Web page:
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Preparation



Check chamber’s website for information on the pupillage selection and assessment process. Additional information

may frequently be found at www.chambersstudent.co.uk

Know every detail of your application form and ensure you have thoroughly researched the set

Have a comprehensive understanding of any cases you referred to in your pupillage application; know the judgments

in detail and have an opinion of your own

Have a comprehensive understanding of any cases you referred to in your pupillage application; know the judgments

in detail and have an opinion of your own

Be up-to-date with legal developments and issues facing the Bar

Select the four or five main strengths of your candidature. Do not leave the interview room without having

to perform well and thatsecure that pupillage

Verbal Communication

Be polite and keep a reasonably even tone to your speech, but ensure you are both interesting and compelling in your

verbal presentation – be memorable for the right reasons

Do not rush – ensure your answers are unhurried and engaging

Speak clearly – do not mumble and do not use fillers – um, uh, er, ah, like, okay, right, you know

Do feel able to pause to consider a question before answering; if you need more than several seconds simply say ‘I’d

like to take a moment to consider your question’

Anecdotes are particularly memorable, and presenting several of these in response to questions from the panel will

help you stand out from your peers

Ensure your answers are logical and well-ordered

Stay calm even when challenged with an awkward or difficult question. Again, feel able to take time before you

answer

Do not laugh unless the interviewer does so. Making jokes is a perilous activity

If you are asked to argue an ethical dilemma or artificial scenario or legal problem, understand that the panel wishes

to evaluate your skills in analysing information, presenting an argument and, if necessary, adjusting your position.

Ensure your analysis is comprehensive. Do not be afraid to defend your position, but be prepared to fully consider

additional information from the panel, and adjust your argument if you believe it is appropriate to do so

If you do not know the law in relation to a technical legal problem, do not pretend to. Admit your ignorance, but offer

the panel some constructive comments as to how the issue might be approached, clearly demonstrating both your

analytical and advocacy skills

If you do know the law, ensure you apply it to the problem – offer the type of practical advice a client would wish to

receive. If you are challenged by the panel, again, do not be afraid to defend your position, but be prepared to fully

consider additional information, and adjust your argument if you believe it is appropriate to do so, particularly if you

understand you have gone wrong

Do not talk incessantly; when you have finished answering the question, stop talking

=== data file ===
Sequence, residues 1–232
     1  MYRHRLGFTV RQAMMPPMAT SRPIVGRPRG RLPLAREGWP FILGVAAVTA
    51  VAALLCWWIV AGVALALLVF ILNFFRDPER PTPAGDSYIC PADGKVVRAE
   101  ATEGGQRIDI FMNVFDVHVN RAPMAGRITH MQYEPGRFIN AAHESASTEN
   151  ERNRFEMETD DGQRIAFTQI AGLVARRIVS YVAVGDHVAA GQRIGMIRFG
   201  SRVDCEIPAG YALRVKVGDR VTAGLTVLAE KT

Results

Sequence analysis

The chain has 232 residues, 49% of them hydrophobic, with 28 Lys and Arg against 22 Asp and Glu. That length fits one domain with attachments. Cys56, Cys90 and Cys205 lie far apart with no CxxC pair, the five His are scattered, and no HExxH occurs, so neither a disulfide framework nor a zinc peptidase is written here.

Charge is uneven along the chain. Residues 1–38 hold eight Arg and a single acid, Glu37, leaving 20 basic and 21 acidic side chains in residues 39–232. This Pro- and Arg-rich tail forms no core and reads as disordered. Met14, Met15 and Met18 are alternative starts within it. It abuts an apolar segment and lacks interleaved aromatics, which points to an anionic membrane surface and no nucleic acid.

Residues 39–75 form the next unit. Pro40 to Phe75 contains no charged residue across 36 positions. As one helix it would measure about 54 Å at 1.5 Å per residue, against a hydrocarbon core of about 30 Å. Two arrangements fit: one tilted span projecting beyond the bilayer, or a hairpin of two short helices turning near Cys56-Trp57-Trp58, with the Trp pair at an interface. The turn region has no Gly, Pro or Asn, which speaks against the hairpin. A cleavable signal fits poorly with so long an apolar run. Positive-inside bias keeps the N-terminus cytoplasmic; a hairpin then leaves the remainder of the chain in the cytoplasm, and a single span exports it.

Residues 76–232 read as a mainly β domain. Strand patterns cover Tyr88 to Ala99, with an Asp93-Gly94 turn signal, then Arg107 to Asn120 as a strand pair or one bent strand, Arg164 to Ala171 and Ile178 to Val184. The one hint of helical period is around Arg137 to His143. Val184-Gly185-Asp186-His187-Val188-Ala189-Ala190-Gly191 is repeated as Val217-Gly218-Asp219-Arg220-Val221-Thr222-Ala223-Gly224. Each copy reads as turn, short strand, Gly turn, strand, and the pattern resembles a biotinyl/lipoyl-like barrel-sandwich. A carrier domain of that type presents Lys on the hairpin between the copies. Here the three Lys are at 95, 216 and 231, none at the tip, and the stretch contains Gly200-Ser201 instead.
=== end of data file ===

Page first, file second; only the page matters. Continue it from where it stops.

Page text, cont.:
Have a good question to ask at the end of the interview, but make it pertinent to your application and chambers.

Do not ask questions for the sake of it and do not ask for information which is readily available on chambers’

website

Ensure you have practised making a bail application and a plea in mitigation, common tests of advocacy skills

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And remember…

•The panel wishes to determine whether you have not only the ability to make a good barrister but also the personal qualities of an interesting colleague who will be enjoyable to work alongside

•Aim to be comfortable, confident, inspiring and likeable

•Try to enjoy your interview – it is an interview panel, but comprised of fellow human beings who have previously experienced what it is like to be on your side of the table

Nonverbal Communication

•Dress for court – freshly dry-cleaned dark suit, freshly laundered shirt/ blouse, polished shoes. No ostentatious jewellery or exuberant ties – nothing overly distracting. Subtly fragranced or no aftershave or perfume

•Arrive 15 minutes or so before your interview; avoid being late so you do not appear stressed when entering the interview room. Bear in mind that not all chambers are easy to access, so allow time to find the venue

•Be courteous to everyone you encounter; clerks and reception staff may be asked for their opinions

•Upon entering the interview room, shake hands with each member of the interview panel

•Do not slouch and do not lean back. Keep your feet on the floor and your back against the lower back of the chair

•Find a place where you can rest your arms, either on an arm of the chair or on your lap. Avoid flamboyant gesticulation

•If you wish to alter your position for comfort, lean forward a little towards the interviewer when asked a question; you will appear interested and engaged

•Listen attentively and do not interrupt when the interviewer is talking

•When asked a question, initially make eye contact with the interviewer, and then survey the rest of the panel whilst answering; do not stare

Pointers for interview...

PUPILLAGE INTERVIEW SERVICES